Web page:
Thursday, March 20, 2008

Fairey Queen & Robot Seaplanes

RPVs (Remotely Piloted Vehicles) date back to just a few years after the Wright brothers first took to the air. The brilliant but easily distracted inventor Professor A.M. Low was set the task early in the first world war of producing remotely controlled pilotless aircraft. These were the first guided missiles. Early RPVs were also used as aerial targets.

As the war progressed both the British and Americans developed more RPVs again mostly flying bombs and targets. These did tend to be specially built small aircraft. Control was either using radio or the RPV could have it's flight preset especially in the case of early "aerial torpedos". The launch crew had to estimate the distance to the target and then set the RPV off in the correct direction. Gyroscopes aboard kept the aircraft in the right direction and barometer the altitude. Once the RPV had traveled the correct distance (and so was over the target) the engine stopped and explosive bolts detached the wings so dropping the fuselage and explosives on the target.

However early flying bombs were not very reliable, many veered off course and were never seen again. More luck was had with aerial targets. One of which gave the Royal Navy a wakeup call as to the vulnerability of their ships to aerial attack. In the early 1920s tests led by the American General "Billy" Mitchell had showed that warships could be sunk by bombers. However his tests had been against withdrawn old warships without crews. In response to the tests the Royal Navy said that the bombers had not destroyed crewed warships that could move and shoot back!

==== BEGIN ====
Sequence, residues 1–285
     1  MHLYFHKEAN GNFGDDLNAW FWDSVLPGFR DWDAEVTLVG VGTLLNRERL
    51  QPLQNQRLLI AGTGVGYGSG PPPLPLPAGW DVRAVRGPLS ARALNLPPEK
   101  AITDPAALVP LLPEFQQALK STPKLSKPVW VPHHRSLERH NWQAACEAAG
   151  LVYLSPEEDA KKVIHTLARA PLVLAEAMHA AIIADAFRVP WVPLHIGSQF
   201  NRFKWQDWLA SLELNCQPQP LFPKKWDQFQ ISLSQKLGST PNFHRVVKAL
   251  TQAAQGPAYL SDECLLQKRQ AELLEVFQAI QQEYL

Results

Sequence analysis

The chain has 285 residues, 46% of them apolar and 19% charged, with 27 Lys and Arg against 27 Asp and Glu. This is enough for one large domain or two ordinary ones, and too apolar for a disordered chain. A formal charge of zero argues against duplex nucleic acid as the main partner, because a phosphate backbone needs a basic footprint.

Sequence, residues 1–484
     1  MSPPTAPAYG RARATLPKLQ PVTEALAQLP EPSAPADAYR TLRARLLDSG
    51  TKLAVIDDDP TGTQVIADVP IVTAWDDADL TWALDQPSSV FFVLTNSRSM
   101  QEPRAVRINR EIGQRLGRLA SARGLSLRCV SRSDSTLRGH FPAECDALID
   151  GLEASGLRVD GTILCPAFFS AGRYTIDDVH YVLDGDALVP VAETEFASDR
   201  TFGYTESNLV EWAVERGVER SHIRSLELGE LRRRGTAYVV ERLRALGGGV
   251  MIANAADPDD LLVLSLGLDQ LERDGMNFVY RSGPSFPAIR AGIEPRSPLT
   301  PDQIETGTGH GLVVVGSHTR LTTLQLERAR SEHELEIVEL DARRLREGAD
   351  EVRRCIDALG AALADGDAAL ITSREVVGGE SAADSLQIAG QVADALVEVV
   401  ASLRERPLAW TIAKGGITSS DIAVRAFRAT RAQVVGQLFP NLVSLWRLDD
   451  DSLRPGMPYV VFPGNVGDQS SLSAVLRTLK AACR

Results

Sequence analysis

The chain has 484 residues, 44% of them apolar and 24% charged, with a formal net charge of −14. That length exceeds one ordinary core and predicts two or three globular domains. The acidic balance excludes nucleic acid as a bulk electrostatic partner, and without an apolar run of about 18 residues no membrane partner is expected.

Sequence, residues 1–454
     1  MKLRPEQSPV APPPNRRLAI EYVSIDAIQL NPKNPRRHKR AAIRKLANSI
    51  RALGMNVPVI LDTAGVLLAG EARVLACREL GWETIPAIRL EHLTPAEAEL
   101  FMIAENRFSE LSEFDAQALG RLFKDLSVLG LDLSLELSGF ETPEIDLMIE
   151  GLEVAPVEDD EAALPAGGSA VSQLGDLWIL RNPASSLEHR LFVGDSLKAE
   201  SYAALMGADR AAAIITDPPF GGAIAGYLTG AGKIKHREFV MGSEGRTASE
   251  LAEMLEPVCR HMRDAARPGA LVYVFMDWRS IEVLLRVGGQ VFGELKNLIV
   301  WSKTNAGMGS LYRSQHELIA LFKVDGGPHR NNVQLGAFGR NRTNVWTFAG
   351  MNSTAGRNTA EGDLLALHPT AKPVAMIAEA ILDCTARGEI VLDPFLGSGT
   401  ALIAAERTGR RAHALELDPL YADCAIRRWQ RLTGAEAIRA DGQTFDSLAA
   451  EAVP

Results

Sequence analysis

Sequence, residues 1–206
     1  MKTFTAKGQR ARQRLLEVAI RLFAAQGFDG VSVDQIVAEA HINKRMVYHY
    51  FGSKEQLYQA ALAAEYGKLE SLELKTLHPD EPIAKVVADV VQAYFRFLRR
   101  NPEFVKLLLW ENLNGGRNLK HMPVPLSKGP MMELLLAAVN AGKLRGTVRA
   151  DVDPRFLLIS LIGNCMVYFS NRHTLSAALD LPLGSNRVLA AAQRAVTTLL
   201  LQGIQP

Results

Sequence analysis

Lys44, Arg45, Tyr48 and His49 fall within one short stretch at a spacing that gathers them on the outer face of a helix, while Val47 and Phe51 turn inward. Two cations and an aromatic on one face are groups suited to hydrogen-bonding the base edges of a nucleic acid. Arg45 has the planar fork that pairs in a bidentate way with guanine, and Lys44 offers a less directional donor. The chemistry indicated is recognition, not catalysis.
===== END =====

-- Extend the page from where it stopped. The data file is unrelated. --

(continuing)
An ex-German battleship is hit during Mitchell's anti-ship bombing demonstration in 1921

Therefore to settle the argument the Fairey Queen target drone was created, the first in a long line of full-scale pilotless drone aircraft. The Queen was a modified Fairey IIIF floatplane, a catapult launched aircraft which was used for reconnaissance by the Royal Navy, 3 being converted to Queens. Apart from installing radio gear the Queen also had some aerodynamic modifications to improve stability, however the first couple of pilotless flights came to quick inglorious endings as the drones crashed as soon as they left the catapult launcher on a RN warship (the HMS Valient).

Fairey IIIF floatplane

However once the last remaining Queen could get properly airborne it proved it's use in a test in January 1933. For two hours it flew over RN warships and survived their concentrated firepower! On a later test RN gunners did finally shoot down the Fairey Queen but by then the lesson had (hopefully) been learned! No more Fairey Queens existed but later on in the decade a remote controlled version of the Tiger Moth, the Queen Bee, was built in large numbers and could be seen on many a gunnery range both at sea or over land.

Whether the term "drone" for RPVs came about because of the name "Queen Bee" and it's connection to drone bees is unknown but it is a distinct possibility.

Nowadays there are a few projects to create a drone that can take off and land in water. Warrior Aero-Marine have begun flying their GULL 24 and 36 seaplane UAVs. The GULL 36, which is now the focus of trials, is an 4m wingspan craft has begun trials in the English Channel. The UAV has a new patented stepless seaplane hull which Warrior say improves performance and it helps the plane to handle waves twice as high as conventional seaplanes. The hull is also better at piercing waves allowing for higher taxi speeds and better surface performance.

The GULL series is designed to help users avoid awkwardness of VTOL and ramp launched systems and can be fitted with landing gear for full amphibious operation.

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